Never Pay Retail for a Yoga Mat


A bit of a side note, over the past week or so my body was just tired and not really responding to any of the yoga classes I was taking.  I modified a lot and backed off but my body just didn’t want to be there.  So I did what I normally never do…I rested.  I took two days off from any exercise and returned this morning to take one of my favorite instructor’s classes and I felt sooo good!  I should definitely take my advice more often and take rest days!

Okay, back to the topic of this post.  For most of my life, I’ve been frugal with most things (let’s not confuse this with being cheap).  I’ve come to realize that with so many things out there, you can get it without paying retail.  Sometimes the discount is minimal but it’s still a discount, right?

I bought a Gaiam yoga mat around three years ago at Target (probably at retail but at $20-ish, it didn’t matter) .  And during those three years, I lovingly used my mat on a regular basis and then within the past year, I used it daily if not multiple times a day.  My mat has become a bit too flat for me and there are stains on it that I can’t remove even after a thorough cleaning.  I told myself that as a reward for going through teacher training, I would get myself a nice new mat.  And I definitely did not pay retail for my mat.  I knew I was going to purchase my mat through CPY since after teacher training, they gave us a 20% coupon for taking a feedback survey.  Also, CPY has a referral program (I believe I’ve been to other studios that do something similar) where you get $5 for anything at CPY.  So throughout the teacher training and extensions program, I invited my friends to come take my classes and started building my referral dollars.  With the discount and the referral dollars, I was able to purchase my new mat – a Manduka PROlite Mat – for around $40.  The retail price is $78.  That is a pretty damn good deal, right?

This does require a certain amount of patience but if you don’t have to have a new mat right away, you can walk away with a quality mat for not a lot of money.  Check out your local yoga studio and see if there are any financial incentives to refer friends.  I’m also on the email list for yoga studios in the area so I’m notified whenever they have sales for their retail products.  Sites such as Amazon and Retail Me Not also offer deals or coupon codes at retailers that sell yoga mats.  Also, you can try going directly to sites that manufacture yoga mats and see if they are offering any deals.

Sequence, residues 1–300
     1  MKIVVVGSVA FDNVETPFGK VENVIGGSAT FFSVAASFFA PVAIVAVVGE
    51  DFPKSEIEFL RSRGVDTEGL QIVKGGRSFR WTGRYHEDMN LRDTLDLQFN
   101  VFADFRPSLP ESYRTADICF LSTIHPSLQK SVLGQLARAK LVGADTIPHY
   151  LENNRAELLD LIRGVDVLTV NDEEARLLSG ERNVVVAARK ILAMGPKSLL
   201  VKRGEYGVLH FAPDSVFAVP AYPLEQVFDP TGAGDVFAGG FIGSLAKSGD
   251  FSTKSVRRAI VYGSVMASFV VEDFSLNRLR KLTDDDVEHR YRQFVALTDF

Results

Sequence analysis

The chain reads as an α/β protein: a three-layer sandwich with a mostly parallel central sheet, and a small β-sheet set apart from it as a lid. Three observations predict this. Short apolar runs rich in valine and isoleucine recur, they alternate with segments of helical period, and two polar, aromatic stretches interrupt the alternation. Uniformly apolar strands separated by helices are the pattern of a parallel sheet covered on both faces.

If you do have an old yoga mat that you are looking to swap out, consider recycling it instead of adding to the landfill.  AND while you are helping to save the planet, you can get savings towards a new yoga mat!  Uhhh, why wouldn’t you do this?  Perhaps plan on this when you are taking a break from yoga and not needing your mat.  There is a company out there called Recycle Your Mat and you can recycle your mat in a couple of ways.  You can either clean it and send it to the company yourself, or you can use their location finder to find a studio that collects mats to recycle.  I used the location finder and there was a studio not far from me participating in the program.  The studio may charge a small fee to offset shipping costs.  Once they receive your mat, they will email you a coupon for 20% off a Manduka mat or any Manduka gear.  I thought about keeping my old Gaiam mat around for park yoga or just to have an extra mat lying around but since I’ll be moving to San Francisco, every inch is crucial so I’ll definitely go this route if I get rid of my old mat.

The purpose of this post is not to tell you that expensive yoga mats are better.  Depending on how often you will be using your mat, $20 yoga mat may suit you just fine.  Places like Marshalls and TJ Maxx have mats that are as cheap as $10.  My mat probably would have held up for another five years if I was only practicing a few days a week, especially with the added protection of a towel when I practice.  I was looking for something that was durable and would provide more support for a daily practice and did A LOT of research.  I chose Manduka because of the lifetime guarantee, essentially negating the need to purchase another mat in the future.

Whatever mat you own, make sure you take care of it to extend its life.  Here are some great tips on how to care for your mat.


One thought on “Never Pay Retail for a Yoga Mat

  1. Pingback: Discounts on Manduka and YogaRat Mats and Props | Broke-Ass Yogi

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